The earliest iterations that I have remembered of the speed runs are rooted in single player titles such as Super Mario and Mega Man. The objective is to finish the stage, level or game as fast as possible. Heck, I even competed in some of these contests when I was a kid, but I always stand no chances against some of the people who dedicate the time into discovering every single tick in the game.
Basically, speed running is a challenge that involves accuracy, timing, mechanical skill, and muscle memory. A lot of these speed runners play the title so precisely that they are able to become so efficient and shave time to make their runs faster and faster.
Now, what are the world first challenges? Pretty simple. These are a set of challenges that are most likely found in games or titles that are updated by their developers or game creators. The earliest memory of the world first challenge I remember was when ID Software issued a contest on who can complete the game Quake 2 when they released it. Sure back then, it was just for bragging rights but a lot of people participated.
Nowadays, WF challenges are heavily rooted in MMORPG titles or newer game releases. It is also mostly being participated by whole guilds instead of single players as most of the WF challenges nowadays are being issued by titles like World of Warcraft and Destiny 2.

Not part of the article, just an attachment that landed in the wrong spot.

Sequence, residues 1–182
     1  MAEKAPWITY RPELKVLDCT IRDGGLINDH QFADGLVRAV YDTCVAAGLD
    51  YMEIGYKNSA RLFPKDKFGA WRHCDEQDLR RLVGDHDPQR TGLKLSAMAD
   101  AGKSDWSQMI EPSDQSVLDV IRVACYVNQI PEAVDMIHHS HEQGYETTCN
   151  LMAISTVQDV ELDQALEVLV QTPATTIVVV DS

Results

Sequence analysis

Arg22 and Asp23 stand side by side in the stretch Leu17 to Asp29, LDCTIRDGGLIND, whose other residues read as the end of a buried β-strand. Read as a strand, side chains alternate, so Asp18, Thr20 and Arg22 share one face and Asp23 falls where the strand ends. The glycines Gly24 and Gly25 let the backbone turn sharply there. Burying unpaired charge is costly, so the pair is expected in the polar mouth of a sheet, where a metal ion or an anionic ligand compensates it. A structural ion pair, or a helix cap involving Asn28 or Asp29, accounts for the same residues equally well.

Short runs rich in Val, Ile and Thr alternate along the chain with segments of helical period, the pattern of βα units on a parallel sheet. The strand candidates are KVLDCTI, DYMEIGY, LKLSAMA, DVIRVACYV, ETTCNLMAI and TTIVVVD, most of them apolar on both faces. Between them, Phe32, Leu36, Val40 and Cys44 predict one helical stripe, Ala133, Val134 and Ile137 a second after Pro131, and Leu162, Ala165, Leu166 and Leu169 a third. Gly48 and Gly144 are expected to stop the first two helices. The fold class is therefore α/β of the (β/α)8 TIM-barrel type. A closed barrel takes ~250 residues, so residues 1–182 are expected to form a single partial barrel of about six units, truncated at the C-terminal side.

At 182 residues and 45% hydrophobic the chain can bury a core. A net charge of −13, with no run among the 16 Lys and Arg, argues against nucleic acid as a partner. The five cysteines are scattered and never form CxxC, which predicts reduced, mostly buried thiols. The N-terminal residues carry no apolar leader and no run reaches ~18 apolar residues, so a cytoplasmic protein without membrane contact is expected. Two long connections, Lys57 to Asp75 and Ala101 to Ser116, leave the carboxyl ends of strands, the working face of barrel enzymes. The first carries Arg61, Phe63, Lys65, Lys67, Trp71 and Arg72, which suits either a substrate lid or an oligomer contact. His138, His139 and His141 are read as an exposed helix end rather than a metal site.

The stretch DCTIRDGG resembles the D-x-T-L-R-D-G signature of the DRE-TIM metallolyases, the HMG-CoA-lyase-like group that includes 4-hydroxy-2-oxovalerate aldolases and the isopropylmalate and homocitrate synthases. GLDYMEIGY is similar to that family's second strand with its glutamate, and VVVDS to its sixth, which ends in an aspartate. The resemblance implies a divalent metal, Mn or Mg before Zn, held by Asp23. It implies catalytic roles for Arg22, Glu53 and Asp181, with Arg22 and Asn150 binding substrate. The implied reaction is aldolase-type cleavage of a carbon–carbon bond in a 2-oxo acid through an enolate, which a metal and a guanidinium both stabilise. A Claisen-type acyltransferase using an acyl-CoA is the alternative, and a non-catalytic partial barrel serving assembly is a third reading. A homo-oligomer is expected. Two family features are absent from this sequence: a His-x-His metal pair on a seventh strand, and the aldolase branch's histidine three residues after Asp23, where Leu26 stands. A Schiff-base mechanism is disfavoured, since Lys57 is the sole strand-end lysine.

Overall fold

Most of them involve raids and raid bosses and the first ones to finish the said new content or DLC gets awarded by the developers with some cool gear and of course a one of a kind title or banner in-game signifying that they are the ones who completed it first.
Nowadays, out of all the initial competitive themes in gaming, only the World First and Speed Run challenges are left. Although they are somewhat of a niche market, they are still there. I mean, in the case of WF challenges, I play Destiny 2. Every time Bungie releases a new raid lair, I still go out with my clan and compete and try to finish that raid as fast as possible to get that coveted WF title.
It is the same way with World of Warcraft, every time they release a new expansion, WoW players group up with their guild and join the race on who finishes the new raid the quickest for that sweet loot and the bragging rights.